A decision rendered today by the California Court of Appeals, 3rd District, is likely to be of wide interest to the California workers’ comp industry.
The decision in Salas V. Sierra Chemical Co. was authored by Justice Andrea Hoch and joined by Justice Vance Raye and Justice Harry Hull. Hoch is well known in workers’ comp circles, having served as Administrative Director of the Division of Workers’ Compensation for a while after the 2004 reforms.
Hoch adopted the 2005 PD rating schedule and later served Schwarzenegger as a legal adviser.
Salas v. Sierra Chemical is actually an employment law/FEHA case. But it may have impact on workers’ comp discrimination cases under Labor Code 132A.
Salas sustained several injuries at Sierra Chemical, which employed him on a seasonal basis for its swimming pool chemical business. When recalled after a layoff, Salas was told he would have to produce a full release. Salas alleged that the employer had a “100% healed” policy. The allegation was that Sierra Chemical failed to make reasonable accommodation for his disability and failed to engage in an interactive process to consider reasonable accommodations.
Salas had not been terminated, but the reasonable accommodation issue arose in the context of refusal to rehire.
The case was not a typical employment law case. Rather, Salas v. Sierra Chemical examines the interface between immigration law violations and refusal to hire cases.
Salas apparently was using a Social Security number that actually belonged to a resident of North Carolina. On I-9 and W-4 documents he had included the same false Social Security number. Affidavits filed by Salas failed to convince the court that there was a triable issue of fact regarding the legitimacy of his papers.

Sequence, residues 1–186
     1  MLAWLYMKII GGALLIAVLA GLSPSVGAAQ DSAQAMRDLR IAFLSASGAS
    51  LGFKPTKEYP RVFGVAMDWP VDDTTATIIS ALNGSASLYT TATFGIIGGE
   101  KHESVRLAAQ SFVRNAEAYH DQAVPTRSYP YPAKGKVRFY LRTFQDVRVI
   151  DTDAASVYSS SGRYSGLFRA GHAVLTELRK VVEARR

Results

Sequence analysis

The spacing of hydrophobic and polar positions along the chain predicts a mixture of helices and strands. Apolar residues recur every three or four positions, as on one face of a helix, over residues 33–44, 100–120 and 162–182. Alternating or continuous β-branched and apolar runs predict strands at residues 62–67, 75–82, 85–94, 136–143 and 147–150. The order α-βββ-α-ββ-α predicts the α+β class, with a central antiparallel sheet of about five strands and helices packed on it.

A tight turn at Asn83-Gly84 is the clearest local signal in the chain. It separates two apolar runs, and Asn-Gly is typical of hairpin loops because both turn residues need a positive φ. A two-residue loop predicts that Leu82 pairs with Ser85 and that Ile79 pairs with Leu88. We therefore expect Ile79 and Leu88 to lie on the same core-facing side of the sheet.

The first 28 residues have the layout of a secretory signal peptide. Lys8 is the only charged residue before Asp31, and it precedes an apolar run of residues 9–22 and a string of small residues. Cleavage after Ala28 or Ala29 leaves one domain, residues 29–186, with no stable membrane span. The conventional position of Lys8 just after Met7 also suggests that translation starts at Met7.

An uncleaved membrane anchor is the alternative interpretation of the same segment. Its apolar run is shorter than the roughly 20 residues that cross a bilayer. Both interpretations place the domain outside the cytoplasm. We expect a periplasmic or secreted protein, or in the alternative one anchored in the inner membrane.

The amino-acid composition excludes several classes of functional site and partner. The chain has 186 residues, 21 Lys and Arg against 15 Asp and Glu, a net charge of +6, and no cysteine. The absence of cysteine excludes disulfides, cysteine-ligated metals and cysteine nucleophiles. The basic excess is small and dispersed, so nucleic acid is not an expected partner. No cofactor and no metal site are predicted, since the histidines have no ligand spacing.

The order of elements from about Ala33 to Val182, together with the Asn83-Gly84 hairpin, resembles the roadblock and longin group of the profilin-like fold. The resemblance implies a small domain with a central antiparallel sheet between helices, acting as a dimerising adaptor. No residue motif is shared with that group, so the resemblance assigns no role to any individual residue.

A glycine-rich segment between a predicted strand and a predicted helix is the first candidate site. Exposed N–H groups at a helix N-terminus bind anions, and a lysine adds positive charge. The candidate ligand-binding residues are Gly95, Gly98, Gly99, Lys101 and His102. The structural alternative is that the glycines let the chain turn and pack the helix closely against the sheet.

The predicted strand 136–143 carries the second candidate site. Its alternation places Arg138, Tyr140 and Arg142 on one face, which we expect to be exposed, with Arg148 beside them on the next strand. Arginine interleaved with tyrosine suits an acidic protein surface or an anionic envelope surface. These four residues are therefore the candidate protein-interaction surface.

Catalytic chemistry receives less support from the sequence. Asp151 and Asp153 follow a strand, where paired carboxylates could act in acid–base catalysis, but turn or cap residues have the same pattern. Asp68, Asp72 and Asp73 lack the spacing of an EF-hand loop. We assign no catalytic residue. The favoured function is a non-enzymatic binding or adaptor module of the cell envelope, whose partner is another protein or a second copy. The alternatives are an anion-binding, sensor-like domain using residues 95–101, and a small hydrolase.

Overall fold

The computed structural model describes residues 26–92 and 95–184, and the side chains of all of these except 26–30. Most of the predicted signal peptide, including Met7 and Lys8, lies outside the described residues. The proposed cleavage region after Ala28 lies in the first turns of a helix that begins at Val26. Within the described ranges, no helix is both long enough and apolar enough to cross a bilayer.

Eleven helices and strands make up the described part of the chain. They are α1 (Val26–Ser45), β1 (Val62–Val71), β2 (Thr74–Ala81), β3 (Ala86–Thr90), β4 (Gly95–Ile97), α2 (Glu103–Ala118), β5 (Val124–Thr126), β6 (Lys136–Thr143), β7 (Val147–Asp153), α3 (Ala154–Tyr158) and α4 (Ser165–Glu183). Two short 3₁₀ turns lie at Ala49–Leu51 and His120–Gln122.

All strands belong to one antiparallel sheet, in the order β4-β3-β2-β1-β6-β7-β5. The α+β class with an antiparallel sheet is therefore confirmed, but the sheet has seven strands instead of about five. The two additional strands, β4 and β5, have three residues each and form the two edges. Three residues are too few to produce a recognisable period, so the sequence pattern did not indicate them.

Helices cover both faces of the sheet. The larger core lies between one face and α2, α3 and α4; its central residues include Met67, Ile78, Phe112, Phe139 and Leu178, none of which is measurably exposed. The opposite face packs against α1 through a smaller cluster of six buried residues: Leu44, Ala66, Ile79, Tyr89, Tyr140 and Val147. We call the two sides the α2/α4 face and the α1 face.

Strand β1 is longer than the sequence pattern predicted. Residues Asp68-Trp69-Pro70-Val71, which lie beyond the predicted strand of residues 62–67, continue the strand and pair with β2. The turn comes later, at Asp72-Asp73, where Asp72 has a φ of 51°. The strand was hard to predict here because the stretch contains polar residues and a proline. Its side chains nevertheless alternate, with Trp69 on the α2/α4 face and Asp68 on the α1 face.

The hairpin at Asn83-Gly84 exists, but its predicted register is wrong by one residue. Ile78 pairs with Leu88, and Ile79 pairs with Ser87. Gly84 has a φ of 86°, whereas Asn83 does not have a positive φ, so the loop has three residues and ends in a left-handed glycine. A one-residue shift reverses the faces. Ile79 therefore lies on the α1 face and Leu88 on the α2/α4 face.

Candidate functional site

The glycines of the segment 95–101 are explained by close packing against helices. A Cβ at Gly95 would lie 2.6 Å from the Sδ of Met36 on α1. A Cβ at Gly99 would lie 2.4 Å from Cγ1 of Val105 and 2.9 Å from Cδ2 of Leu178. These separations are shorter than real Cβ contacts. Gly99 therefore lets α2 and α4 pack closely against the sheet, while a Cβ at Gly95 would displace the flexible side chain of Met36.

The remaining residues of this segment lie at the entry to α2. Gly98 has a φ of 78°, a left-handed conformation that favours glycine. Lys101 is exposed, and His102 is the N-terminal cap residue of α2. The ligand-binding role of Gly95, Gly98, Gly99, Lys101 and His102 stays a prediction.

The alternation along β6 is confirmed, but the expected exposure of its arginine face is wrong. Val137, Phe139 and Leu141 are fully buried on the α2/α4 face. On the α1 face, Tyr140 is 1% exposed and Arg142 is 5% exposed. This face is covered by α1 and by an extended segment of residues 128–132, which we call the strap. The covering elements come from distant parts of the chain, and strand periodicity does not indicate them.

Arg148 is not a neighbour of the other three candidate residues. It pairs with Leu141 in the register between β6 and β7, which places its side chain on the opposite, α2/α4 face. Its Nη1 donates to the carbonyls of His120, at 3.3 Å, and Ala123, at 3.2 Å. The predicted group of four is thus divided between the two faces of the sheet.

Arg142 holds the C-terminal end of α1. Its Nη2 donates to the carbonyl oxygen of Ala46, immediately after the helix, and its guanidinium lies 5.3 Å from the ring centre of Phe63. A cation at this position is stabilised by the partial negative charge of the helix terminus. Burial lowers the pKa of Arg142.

The court found the refusal to hire lawsuit barred on two grounds:
-the “after-acquired evidence doctrine” applied, barring his claim since he had no right to be rehired given the company policy of refusing to hire applicants who submit a false Social Security number
-the “unclean hands’ doctrine barred his claim. The court stated that
“In light of the nature of the misrepresentation, the fact that it exposed Sierra Chemical to penalties for submitting false statements to federal agencies, and the fact that Salas was disqualified from employment by means of governmental requirements, we conclude that Salas’s claims are also barred by the doctrine of unclean hands.”
Salas argued that Senate Bill 1818, a 2002 California law, precluded application of after-acquired evidence and unclean hands doctrines based on his immigration status.
The SB 1818 argument was rejected by the Court of Appeals, which noted that while current California law provides that undocumented workers are entitled to “all protections, rights, and remedies available under state law”, that SB 1818 did not expand the law to allow undocumented immigrants to maintain failure to hire claims.
It’s quite likely that this case will be appealed to the California Supreme Court, which may or may not decide to hear the case. It won’t surprise me if the case is eventually heard there, particularly since the legislative history and intent of SB 1818 is involved.
But at the moment, undocumented workers will not be eligible for backpay in failure to rehire claims.
Presumably the same logic would apply to Labor Code 132A claims in a failure to rehire context, since 132A includes backpay and reinstatement remedies.
Here’s a link to the opinion in Salas vs. Sierra Chemical:
http://www.courtinfo.ca.gov/opinions/do … 064627.PDF
Category: Understanding the CA WC system